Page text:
With the end of employee contract negotiations in the Amphitheater School District looming, district officials are now wondering whether what little money coming from the state will go toward pay raises or skyrocketing healthcare premiums.
The district is facing rising health insurance costs that will increase premiums as much as 25 percent next year, costing some employees more than $2,000 more a year, depending on what kind of coverage they have.
Arizona School Health Insurance Programs, the district's vendor for health insurance, will be increasing its rates substantially next year, possibly putting more of a financial burden on the already financially-strained district, said Todd Jaeger, Amphi's legal counsel.
Currently, the district contributes $2,400 a year per full-time employee or early retiree who is on ASHIP. That amount covers nearly all of the cost of health insurance for just the employee. The employee must make up the difference if they wish to include other family members.
The district also gives full-time employees $100 in "cafeteria money," which they can use to pay for things like dental or vision insurance, or to further offset the cost of health insurance.
If the district were to raise the amount it contributes to cover individual employees, which would be about $600 more a year per employee on the plan, that would mean the district would be shelling out an additional $1.3 million
"It would be nearly impossible for us to absorb those costs," Jaeger said.
Jaeger said the added costs come from an increase in the usage of services ASHIP covers. If the district can't cover the additional costs, employees will have to carry the burden.
For just the employee, the rates will go up to $3,072 a year from $2,460. For employees who are covering their families, the rate will go up to $8,028 a year, with the district still contributing $2,400. This is just for ASHIP's HMO-type plan where employees must see certain doctors as opposed to being able to choose, Jaeger said. Under the PPO plan, where members choose their doctors, employees will pay more, he added.
Also of concern to early retirees covered by the plan is the fact that ASHIP has decided to put them into a different rate scale since they are more likely to utilize more healthcare programs than younger employees.
Early retirees will see their rates more than double next year, from $2,400 a year to nearly $6,000 for single employees, and $6,400 to more than $15,000 for employees and their families.
When Jaeger presented next year's rates to the Amphi Governing Board at its April 23 meeting, Vice President Mary Schuh said she thought the rates were "just totally getting out of line."
"I looked into the audience and I saw the eyes of some of the teachers just look toward the ceiling," she said. "I thought, 'Oh my God, you'll have to sell your first-born child.'"
Sally Secrist, a second-grade teacher at Harelson Elementary School, said she covers herself and her family under ASHIP and pays about $196 a paycheck and that an increase in health insurance costs, if the district can't cover them, will definitely affect her life.
However, she also said she understands that the district is in a tight spot waiting to see what kind of money is coming from the state, which is dealing with its own budgetary woes.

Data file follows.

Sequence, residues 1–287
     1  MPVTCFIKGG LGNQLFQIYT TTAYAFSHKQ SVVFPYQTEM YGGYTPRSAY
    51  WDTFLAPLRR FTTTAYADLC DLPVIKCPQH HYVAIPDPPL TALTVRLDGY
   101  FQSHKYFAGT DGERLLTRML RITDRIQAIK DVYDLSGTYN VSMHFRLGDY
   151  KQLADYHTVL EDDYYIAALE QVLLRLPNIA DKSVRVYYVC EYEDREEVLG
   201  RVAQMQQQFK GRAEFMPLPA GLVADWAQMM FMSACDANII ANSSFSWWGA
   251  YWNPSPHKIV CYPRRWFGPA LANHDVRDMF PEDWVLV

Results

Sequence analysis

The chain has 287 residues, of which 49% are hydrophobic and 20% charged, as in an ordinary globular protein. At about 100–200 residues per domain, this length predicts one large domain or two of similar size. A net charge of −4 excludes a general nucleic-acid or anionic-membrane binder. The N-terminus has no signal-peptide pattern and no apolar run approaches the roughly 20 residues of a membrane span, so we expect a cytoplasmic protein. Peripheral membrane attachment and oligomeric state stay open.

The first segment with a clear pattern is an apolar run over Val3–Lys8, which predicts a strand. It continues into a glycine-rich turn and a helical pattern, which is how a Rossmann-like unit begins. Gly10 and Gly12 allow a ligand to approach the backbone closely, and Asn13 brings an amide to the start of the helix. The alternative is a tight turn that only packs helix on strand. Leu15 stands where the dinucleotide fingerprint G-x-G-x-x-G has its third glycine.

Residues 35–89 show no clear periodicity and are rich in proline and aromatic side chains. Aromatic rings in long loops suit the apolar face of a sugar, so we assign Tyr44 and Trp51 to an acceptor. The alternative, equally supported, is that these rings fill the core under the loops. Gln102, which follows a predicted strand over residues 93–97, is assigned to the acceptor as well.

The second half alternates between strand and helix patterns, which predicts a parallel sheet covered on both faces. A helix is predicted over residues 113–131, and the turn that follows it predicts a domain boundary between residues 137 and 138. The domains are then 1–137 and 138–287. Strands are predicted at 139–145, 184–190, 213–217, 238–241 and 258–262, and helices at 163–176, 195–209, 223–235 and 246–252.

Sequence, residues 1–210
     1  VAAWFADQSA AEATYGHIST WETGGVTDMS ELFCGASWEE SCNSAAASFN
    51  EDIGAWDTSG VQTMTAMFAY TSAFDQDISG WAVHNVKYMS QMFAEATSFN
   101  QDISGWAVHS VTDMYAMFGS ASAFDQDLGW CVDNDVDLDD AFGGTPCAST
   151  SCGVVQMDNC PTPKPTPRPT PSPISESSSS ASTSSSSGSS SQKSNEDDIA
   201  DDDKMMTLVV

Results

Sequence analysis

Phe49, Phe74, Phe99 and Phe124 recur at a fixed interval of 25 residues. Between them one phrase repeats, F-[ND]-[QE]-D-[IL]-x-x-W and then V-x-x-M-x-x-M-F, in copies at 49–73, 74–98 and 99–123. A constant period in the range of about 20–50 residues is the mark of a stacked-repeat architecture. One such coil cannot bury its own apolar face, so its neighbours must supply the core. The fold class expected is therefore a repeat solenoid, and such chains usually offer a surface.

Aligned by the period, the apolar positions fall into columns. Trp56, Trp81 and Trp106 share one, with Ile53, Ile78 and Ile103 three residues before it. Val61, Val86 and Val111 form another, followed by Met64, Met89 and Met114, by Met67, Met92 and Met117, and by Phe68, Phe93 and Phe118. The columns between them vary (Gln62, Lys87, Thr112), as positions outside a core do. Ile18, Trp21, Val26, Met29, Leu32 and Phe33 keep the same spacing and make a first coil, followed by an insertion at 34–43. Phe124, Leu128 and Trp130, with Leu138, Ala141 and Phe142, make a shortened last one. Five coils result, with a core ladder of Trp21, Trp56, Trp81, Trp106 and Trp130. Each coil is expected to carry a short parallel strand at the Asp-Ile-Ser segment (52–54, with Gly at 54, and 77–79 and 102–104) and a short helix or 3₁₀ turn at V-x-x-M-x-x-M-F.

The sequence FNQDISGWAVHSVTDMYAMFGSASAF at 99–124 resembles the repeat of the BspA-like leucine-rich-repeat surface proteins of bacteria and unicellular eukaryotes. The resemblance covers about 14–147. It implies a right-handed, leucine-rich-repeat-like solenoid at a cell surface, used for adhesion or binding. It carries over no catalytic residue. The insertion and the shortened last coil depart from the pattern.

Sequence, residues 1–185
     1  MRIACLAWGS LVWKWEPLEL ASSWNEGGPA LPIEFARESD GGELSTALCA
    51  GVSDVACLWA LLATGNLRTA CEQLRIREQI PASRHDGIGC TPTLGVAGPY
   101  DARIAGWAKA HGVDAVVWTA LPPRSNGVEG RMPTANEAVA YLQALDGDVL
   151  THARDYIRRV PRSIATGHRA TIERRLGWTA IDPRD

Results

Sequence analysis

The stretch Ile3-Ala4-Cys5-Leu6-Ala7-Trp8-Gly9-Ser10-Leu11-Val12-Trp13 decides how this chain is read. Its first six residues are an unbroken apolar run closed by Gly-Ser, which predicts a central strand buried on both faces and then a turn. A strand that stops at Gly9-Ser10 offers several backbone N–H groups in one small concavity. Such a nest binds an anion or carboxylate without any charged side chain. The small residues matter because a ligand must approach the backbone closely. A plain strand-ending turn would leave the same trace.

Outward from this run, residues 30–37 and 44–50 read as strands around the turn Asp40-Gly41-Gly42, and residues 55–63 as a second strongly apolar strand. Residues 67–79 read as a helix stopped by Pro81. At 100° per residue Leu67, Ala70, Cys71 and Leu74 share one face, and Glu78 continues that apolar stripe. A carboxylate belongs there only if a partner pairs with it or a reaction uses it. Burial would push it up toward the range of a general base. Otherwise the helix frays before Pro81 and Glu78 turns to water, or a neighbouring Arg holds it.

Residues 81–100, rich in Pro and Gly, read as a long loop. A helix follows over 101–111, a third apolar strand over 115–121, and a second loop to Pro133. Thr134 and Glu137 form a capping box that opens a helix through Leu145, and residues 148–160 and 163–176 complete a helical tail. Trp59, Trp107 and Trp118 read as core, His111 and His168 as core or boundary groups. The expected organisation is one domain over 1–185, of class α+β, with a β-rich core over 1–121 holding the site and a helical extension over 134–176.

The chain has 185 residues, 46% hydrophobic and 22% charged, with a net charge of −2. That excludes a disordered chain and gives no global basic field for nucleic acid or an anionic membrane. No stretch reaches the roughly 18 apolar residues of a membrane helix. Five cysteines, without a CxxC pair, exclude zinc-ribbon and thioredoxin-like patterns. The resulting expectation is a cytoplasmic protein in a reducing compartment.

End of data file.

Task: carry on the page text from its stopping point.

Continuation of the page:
"It's not the district's fault," she said. "I've been telling all of the other teachers at my school not to expect anything. There's just no money coming from the state."
Secrist said there will be some relief coming from the state level due to Proposition 301, the voter-approved initiative that raised Arizona's sales tax by .06 percent for education. However, even those funds fall short of original estimates.
Plus, Secrist said the amount of whatever raise is given to teachers through Prop. 301 probably won't be enough to cover the rise in costs.
"The taxpayers think they gave teachers an increase," she said. "We're just going to be in the hole again."
Mark Cavendish, the head custodian at Amphi High School who is also involved in negotiations, said Prop. 301 money won't benefit non-teaching employees and that they will have to rely on the mandatory 2 percent raise required by state law, which totals about $320,000.
Board President Ken Smith said, ideally, the district would like to be able to cover at least some of the increase, but that just isn't possible.
Instead, he said it will be up to the employees to decide what they want: more money for their salaries or more money for health insurance.
"Which place it goes doesn't make that much of a difference to me, as long as it's what the employees decided was best," Smith said.
He added the most productive thing everyone can do is cooperate to try and influence state legislators not to cut funding from education to alleviate the Legislature's $1 billion deficit.
Secrist said she thinks it will take something much more drastic for things to change.
"There's going to have to be a huge crisis before we see a huge change," she said.
Until then, things will only get worse for both employees and the students in the schools.
"Pretty soon, kids might be sitting in front of someone who's not even a teacher," she said. "Either that or they'll be sitting in a class with 35 other kids when there was only supposed to be 25.
"I'm close to retirement, so I'm not going to change," she continued. "But young teachers today aren't looking at teaching as being a life-long career anymore. They're looking at it as something they might do for a few years and move on."